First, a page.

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How to Evaluate Threat Intelligence Platform Features, Capabilities

A Threat Intelligence Platform (TIP) is a fantastic way to manage intelligence and its process amongst individual teams and communities, including clients. With so many options to choose from, selecting the best TIP can be a daunting task. If you’re new to cyber threat intelligence, you likely don’t know what a TIP can do, and thus what strengths to focus on in your selection. As mentioned in previous blogs, it is essential to have a strategic road map in place to best approach your intelligence integration and operational needs before acquiring a TIP.

Author: Optiv Security‘s Ken Dunham

Attributes of the Threat Intelligence Platform Company

Because TIPs are an emergent solution space, some of the earlier developers have more mature, integrated, and stable solutions. Consider things like how long the company has been in business, how they are funded, how many clients they have, their financial stability, do they have compliance certifications in their product and/or services to lower third-party risk, who are the leaders of the company and are they known or accomplished in the field, etc.

A startup is commonly associated with higher risk and less stability but with increased agility as well as the ability to customize to meet your needs as one of a few clients as opposed to hundreds. More mature solutions offer additional options, but this often results in higher costs and the vendor may not be as agile or responsive in meeting specific needs.

Attributes of the Threat Intelligence Platform

Individual attributes or functionality of a TIP must be prioritized to ensure it best meets a company’s unique needs. The following list is not comprehensive but is is detailed enough to illustrate how one may consider evaluating various categories of features and capabilities for a TIP when comparing vendors:

1. COLLECTIONS
Multiple SIEM Ingestions
Industry protocols for ingestion (JSON, XML, etc)

2. REPUTATION/ENRICHMENT/BEHAVIORAL
Automated IOC Enrichment
Vulnerability Prioritization
Threat Correlation
Named Threat Attribution
Anonymized/Sanitized Threat Sharing/Community

3. WORKFLOW MANAGEMENT
Custom Dashboards
Case Management (IR/SOC/*) Framework
Task Management (actions, escalations, etc.)
Visual Threat Correlation
Custom Objects & Meta-Data Editing

4. ORCHESTRATION & AUTOMATION (O&A)
Custom Risk Rating & Alerting
Custom Objects/Tagging/Meta-data
Predictive Analytics
Playbook/Templates & Integration APIs

5. DISSEMINATION
Weekly Threat Landscape Reports by Vendor
STIX 1.x/TAXII/MISP, etc Framework Support
STIX 1.x/TAXII/MISP, etc Framework Support
ServiceNow Records & Updates Integration
Private/Public Communities
Splunk Integration & App
Cloud/remote client login/portal support

6. MONITORING
Brand monitoring (OSINT/Deep/DarkWeb)
YARA/Retro Hunts

7. SUPPORT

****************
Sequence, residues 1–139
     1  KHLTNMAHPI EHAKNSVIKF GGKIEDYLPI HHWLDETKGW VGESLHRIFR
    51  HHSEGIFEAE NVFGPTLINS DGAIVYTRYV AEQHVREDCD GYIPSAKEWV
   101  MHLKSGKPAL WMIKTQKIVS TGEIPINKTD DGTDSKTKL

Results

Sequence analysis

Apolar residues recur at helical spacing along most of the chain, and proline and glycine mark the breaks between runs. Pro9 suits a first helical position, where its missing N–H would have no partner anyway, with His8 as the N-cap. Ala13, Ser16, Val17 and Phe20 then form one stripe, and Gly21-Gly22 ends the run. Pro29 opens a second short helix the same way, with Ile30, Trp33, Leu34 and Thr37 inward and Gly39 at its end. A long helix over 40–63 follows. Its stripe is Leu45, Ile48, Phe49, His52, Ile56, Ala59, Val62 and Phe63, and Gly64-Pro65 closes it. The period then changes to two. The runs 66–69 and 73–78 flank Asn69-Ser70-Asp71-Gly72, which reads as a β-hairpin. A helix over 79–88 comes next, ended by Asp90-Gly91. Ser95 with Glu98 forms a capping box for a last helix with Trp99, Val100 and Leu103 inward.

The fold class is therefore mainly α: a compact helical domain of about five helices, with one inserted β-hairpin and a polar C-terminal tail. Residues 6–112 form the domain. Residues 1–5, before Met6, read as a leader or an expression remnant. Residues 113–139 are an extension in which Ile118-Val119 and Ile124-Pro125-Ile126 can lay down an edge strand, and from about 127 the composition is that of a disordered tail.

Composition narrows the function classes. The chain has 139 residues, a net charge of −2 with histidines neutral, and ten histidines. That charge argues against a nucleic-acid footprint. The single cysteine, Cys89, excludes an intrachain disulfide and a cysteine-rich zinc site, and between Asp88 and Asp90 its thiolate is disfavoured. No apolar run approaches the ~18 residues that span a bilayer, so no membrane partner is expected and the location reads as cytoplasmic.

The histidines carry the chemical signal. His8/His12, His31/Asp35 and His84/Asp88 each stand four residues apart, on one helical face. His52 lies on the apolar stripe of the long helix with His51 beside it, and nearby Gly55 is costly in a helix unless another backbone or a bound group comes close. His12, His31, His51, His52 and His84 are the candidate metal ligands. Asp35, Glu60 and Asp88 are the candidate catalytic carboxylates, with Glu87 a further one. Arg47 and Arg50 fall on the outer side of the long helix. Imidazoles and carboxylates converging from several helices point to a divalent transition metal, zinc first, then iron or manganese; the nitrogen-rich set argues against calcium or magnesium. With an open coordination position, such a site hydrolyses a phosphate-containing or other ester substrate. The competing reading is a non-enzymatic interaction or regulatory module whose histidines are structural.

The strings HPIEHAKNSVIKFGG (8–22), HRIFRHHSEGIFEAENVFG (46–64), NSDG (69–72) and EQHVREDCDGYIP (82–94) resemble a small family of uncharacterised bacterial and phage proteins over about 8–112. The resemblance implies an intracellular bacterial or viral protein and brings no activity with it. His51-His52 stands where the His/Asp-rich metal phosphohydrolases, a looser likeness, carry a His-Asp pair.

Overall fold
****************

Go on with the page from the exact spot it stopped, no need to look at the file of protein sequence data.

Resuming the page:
Technical Support 5/9 Coverage
Assigned Engineer/Account Manager & Advisory Consultation
Intel Analyst Q&A
Universal Shared Accounts Supported
Flexible Pricing and Support
Free Playbook Configuration/Integration Use Case Development
Cloud Solution
On-Premise (remember costs associated)

8. PRICING
Total users
API usage rate
GB Data Transfer rate
Product/Flat Rate
Discounts/Working with us
Friends & Family / Referral Discounts

Consider Staff, Pricing and Create an Organized Review of Options

Big picture: Some TIPs vendors sometimes offer a free consultation or even free onboarding while others sell you more of a product or service and then you’re on your own. Depending upon your staff capabilities and your security program maturity, this may be an essential thing to consider in terms of what the vendor is providing and how your experience fits with that. How much can you internally deploy and support?

Cost is always the bottom line, pun intended, so be sure to apply the pricing model to your known environment. For example, if pricing is determined via total GB of data transferred into or out of a TIP, knowing how much data is currently being utilized or is likely to be transferred in a TIP is critical to ensure its affordability in production. This type of pricing model can be reduced by being creative, such as only sending to the TIP a sub-set of actionable data that is of the greatest interest, while remaining data can exist in a data lake. Be sure to consider all disseminations and integration of intel required for the TIP to ensure you can affordably orchestrate with the TIP in production as is necessary when working various groups towards actionability (e.g. sending reports to the Incident Response (IR) team, Indicators of Compromise (IOC) to network and email IT, etc.).

Threat Intelligence Platform Vendor Choice Must Be Carefully Thought Out

Performing an organized, detailed review of all potential TIPs, with clear strategic priorities for the intelligence program, is an effective approach. It helps to clarify priorities and apply them directly to the TIP being considered. It also shows comparisons and return on investment for each TIP strength and weakness as applied to an organization’s requirements. It can also be used to help leverage a strategic road map and alignment towards a future state, such as purchasing scalable options or a different TIP over time, to best meet the changing needs of an environment.


Ken Dunham is senior director, technical cyber threat intelligence at Optiv Security. Read more Optiv blogs here.

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